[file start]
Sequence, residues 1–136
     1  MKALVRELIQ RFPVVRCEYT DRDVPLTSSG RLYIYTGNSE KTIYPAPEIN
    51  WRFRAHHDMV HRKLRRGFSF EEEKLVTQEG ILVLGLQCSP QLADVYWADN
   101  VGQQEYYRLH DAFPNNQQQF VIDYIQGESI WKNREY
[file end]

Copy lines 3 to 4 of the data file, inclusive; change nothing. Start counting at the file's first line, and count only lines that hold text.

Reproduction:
    51  WRFRAHHDMV HRKLRRGFSF EEEKLVTQEG ILVLGLQCSP QLADVYWADN
   101  VGQQEYYRLH DAFPNNQQQF VIDYIQGESI WKNREY